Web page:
In this omnibus, the appropriators direct NASA to maintain funding for EPO within SMD, but to also "consider consolidating EPO funding within each SMD division and allocating funds to individual activities based on an assessment of division-wide priorities and program effectiveness" for FY 2014 and beyond. During this period of uncertainty under the continuing resolution, mission-based EPO programs have been working to continue activities despite even more constrained budgets due to the sequester. The sequester-relief and Congressional direction on EPO activities in this omnibus should hopefully provide a respite, at least for this fiscal year, from the current threat of consolidation.

The Administration's proposed government-wide STEM Education re-organization proposal, which would have moved all STEM Education programs into three agencies, is rejected in the omnibus report, as has already been detailed by (again) Marcia Smith at Space Policy Online. The report directs the Administration to develop any new proposals for Congressional consideration through a "more inclusive process." 

Plutonium-238 Production

Plutonium-238 (Pu-238) provides the radioactive fuel for outer solar system missions where sunlight does not provide sufficient power (as for e.g., Curiosity on Mars, Voyagers, etc.). Unfortunately, we stopped producing Pu-238 domestically decades ago and had been buying it from Russia until their supply dried up as well. Recent restart activities have shown that the Department of Energy is capable of producing Pu-238, at least in small quantities, but they need to also restart the full cycle of production, storage and integration into spacecraft (more details on this in a later post). However, with the House and Senate FY2014 appropriations reports from last year in conflict, the prospect for Pu-238 production funding remained cloudy. This omnibus would clear up this issue, providing "$146M for Technology, including up to the requested level [$65M] for Plutonium-238 production" within the Planetary Science Division.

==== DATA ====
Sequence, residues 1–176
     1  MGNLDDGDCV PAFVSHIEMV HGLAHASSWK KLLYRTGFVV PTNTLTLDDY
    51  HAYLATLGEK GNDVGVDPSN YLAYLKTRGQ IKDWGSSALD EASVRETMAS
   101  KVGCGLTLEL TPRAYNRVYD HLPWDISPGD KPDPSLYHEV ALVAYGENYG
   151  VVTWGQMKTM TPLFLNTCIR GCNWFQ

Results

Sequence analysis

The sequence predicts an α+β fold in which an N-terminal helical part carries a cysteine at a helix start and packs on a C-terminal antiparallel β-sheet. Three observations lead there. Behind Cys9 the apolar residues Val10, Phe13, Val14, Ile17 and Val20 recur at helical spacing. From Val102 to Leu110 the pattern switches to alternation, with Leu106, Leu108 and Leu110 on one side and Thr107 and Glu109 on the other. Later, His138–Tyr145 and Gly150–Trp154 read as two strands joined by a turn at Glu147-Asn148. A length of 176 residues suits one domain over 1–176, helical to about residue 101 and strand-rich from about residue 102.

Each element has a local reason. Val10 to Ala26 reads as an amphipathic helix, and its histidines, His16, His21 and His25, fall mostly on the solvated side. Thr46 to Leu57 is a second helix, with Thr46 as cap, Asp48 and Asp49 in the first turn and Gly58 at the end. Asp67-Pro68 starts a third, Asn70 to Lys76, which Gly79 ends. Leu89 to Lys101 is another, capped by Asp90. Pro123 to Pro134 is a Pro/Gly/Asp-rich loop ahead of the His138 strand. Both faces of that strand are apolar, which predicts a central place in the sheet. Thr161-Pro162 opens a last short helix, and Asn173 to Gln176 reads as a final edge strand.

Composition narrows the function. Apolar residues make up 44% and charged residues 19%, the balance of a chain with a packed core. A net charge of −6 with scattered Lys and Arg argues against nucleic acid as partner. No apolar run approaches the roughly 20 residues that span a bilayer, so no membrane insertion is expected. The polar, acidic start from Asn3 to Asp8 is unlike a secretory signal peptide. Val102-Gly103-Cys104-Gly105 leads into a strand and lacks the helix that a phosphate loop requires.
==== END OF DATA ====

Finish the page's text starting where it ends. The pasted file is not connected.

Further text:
James Webb Space Telescope

James Webb received its full request for FY 2014 and remains under an $8B cost cap for the telescope's development, as it has since its rebaselining. As we've discussed on the blog previously, the project maintains significant cost and schedule reserves that have program managers confident about their ability to meet an October 2018 launch date and the Congressionally-mandated cost cap.  

Discovery-Class Missions

The report directs NASA to use $285M of the Planetary Science Division funds for the Discovery program, directing them to use that money for "extended operations for the Messenger program and to increase the tempo by which Announcements of Opportunity (AOs) are released and missions are selected from those AOs." They further direct that a new Discovery AO be initiated no later than May 1, 2014 with final selection by September 2015.

Large Synoptic Survey Telescope (LSST)

The $27.5M difference between the earlier House and Senate appropriations bills for the NSF MREFC line "just so happened" to correspond to the start of LSST construction. I say "just so happened" because there was no explicit language in the House report forbidding the start of LSST construction. For this omnibus, appropriators have now said that NSF may use any unobligated MREFC balance for LSST once it meets its other ongoing construction projects' needs and may request the ability to transfer more money within the agency for LSST if needed. 

Other Decadal Priorities

In the Astrophysics and Heliophysics divisions, appropriators defer to direction from the Senate last year. In Astrophysics, these include $98.3M for Hubble operations, $32.9M for the Balloon Project, and $56M for preliminary work on "a science mission that meets the exoplanet and dark energy science objectives of WFIRST," in correspondence with the findings from NASA's report on Astrophysics Focused Telescope Assets from May 2013. For Heliophysics, the report directs NASA to fully fund the Magnetospheric Multiscale (MMS) mission at $120.9M, the Solar Probe Plus mission at $104.8M (with a targeted 2018 launch), and the Heliophysics Explorers at $95.2M. 

Where do we go from here?

The House is set to begin consideration of the omnibus today, with the Senate to follow shortly. We'll be sure to update you as necessary as the omnibus works its way through Congress to the White House. 

Late Update (4 Feb 2014): The President signed this bill into law on 17 January 2014. Next, agencies will submit operating plans detailing exactly how they plan to implement the bill and accompanying report directions in FY 2014. These are due to Congress by 16 February 2014, after which they will go through revisions as necessary. Operating plans are not always immediately available to the general public, but we will provide updates if/when they become available!

Joshua H. Shiode
John Bahcall Public Policy Fellow
American Astronomical Society